1. Why did you choose Chinese?
Sometimes I think I’m only asked this because my course choice is unexpected for a person of my colour, religion, race, culture, all of that. I’m almost certain I would not have been questioned at all had I been studying medicine, pharmacy, optometry or dentistry, or straight Economics. Depending on who I’m talking to, I usually have to repeat my degree title, because they’re not sure they heard correctly.
My answer really isn’t all that special. I really enjoy languages – and aren’t we always told that we should study something we enjoy? I decided to study Chinese because it was new to me – a language with which I had zero previous experience. The fact that it is also the most commonly spoken language on our planet possibly helped that decision, as well as encouraging me to study Economics alongside it.
2. How was China??
It was great. Indescribably so.
No, but seriously – I still need to come up with the perfect one-liner to answer this EXTREMELY broad question. I know I’ve already ranted about this, and I know it is only asked good-naturedly, but it can get hella annoying.
3. Wow, so are you fluent in Chinese?
This one always gets me. I’ve thought about it a lot but I think I’ve found an answer. The first step was defining ‘fluency’ in my own terms. For a language student, attaining ‘fluency’ at a native level is incredibly difficult, if not near impossible.
After exchanging greetings with my neighbours when in I was in China, they would often ask if I speak Chinese. I would always smile and reply ‘yes, a little’. My answer stayed that way for a long time, even when I was having full conversations in Chinese. It took me a few months to realise what I was doing, and that prompted me to question why I answered as such. It was difficult though – at what level does my Chinese have to be until I can just reply with ‘yes’?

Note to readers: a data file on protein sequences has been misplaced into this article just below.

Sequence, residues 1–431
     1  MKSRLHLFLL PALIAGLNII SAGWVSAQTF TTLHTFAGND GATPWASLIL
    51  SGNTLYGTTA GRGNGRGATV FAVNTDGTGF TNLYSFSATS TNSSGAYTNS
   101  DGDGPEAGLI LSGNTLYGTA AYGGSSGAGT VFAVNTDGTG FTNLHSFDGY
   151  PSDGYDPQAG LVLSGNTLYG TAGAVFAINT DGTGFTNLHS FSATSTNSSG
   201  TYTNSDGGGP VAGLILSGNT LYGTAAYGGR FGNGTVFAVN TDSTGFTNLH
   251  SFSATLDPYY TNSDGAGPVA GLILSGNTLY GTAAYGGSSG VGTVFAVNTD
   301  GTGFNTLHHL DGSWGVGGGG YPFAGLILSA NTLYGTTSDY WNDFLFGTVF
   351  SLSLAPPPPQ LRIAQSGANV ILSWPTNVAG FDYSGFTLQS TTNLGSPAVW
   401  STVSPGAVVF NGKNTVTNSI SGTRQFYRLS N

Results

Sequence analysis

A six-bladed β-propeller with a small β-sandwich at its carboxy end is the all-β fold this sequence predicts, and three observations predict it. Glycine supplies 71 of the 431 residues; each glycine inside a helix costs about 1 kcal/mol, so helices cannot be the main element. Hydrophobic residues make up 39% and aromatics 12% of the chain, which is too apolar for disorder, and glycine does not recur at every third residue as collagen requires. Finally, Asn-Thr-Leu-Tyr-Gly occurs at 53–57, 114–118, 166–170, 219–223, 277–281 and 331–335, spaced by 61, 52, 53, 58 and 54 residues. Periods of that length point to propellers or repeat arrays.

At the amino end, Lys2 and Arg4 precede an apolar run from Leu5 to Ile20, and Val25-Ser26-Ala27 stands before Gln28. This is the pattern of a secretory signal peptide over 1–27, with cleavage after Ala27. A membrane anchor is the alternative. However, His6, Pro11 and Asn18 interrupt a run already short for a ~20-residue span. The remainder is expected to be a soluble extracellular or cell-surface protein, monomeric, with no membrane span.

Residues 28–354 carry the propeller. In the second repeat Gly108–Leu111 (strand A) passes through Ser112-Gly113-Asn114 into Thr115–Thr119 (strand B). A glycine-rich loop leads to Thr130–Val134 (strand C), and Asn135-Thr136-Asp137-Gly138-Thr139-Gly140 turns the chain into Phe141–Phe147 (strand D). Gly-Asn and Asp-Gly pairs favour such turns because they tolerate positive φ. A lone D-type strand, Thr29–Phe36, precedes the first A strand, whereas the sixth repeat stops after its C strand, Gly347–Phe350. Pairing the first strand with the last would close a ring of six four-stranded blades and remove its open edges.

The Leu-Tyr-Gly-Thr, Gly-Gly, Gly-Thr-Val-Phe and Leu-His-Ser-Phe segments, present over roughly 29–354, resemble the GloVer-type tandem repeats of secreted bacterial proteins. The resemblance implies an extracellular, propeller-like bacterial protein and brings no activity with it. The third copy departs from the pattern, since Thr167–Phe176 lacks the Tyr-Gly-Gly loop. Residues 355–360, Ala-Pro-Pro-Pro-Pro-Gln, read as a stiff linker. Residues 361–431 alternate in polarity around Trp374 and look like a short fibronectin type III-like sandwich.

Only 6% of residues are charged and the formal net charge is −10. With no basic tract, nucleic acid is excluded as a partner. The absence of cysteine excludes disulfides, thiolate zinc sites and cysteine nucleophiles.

That’s where my definition of fluency comes in. To me, fluency means being able to say pretty much whatever you want to, even if you don’t know all the correct terminology. For example, I may not know how to say ‘unemployment’, but I can express the same thing by saying ‘people without jobs’. Or I may not know how to say ‘fructose’, but I can refer to it as ‘the sugar in fruit’.
In this way, you can still make yourself understood, even without the same extensive vocabulary possessed by native speakers.
4. Is your course mostly full of Chinese people?
Sorry, but I don’t even understand the logic behind this question. I am studying the Chinese language as a foreigner. How on earth would it a) make sense to put total beginners and native speakers in the same classes?, b) be fair to test them in the same way as learners?, and c) be worthwhile for a native speaker to sit in classes well below their knowledge and ability??
In short, no – my course is not mostly full of Chinese people. It’s full of people, who, just like me had little or no previous knowledge of Mandarin and chose to take it up as a totally new language.
5. Would you want to go back to China?
Without a doubt, YES. I definitely want to go back – for the food, the cost of living, and the opportunities – for work, for travel, for language practice. But there’s a caveat. I don’t want to live there permanently. The absence of family, the lack of a supportive and tight-knit community, …the pollution.
Who knows, though? Times are changing…